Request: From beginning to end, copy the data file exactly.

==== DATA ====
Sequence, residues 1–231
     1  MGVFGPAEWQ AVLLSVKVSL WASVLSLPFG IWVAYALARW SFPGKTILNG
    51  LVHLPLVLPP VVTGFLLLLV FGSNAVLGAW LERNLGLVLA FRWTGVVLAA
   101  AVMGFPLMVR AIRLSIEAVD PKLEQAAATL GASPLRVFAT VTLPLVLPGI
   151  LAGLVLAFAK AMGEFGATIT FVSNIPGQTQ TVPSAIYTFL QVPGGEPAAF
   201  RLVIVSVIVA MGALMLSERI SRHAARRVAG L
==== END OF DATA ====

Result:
Sequence, residues 1–231
     1  MGVFGPAEWQ AVLLSVKVSL WASVLSLPFG IWVAYALARW SFPGKTILNG
    51  LVHLPLVLPP VVTGFLLLLV FGSNAVLGAW LERNLGLVLA FRWTGVVLAA
   101  AVMGFPLMVR AIRLSIEAVD PKLEQAAATL GASPLRVFAT VTLPLVLPGI
   151  LAGLVLAFAK AMGEFGATIT FVSNIPGQTQ TVPSAIYTFL QVPGGEPAAF
   201  RLVIVSVIVA MGALMLSERI SRHAARRVAG L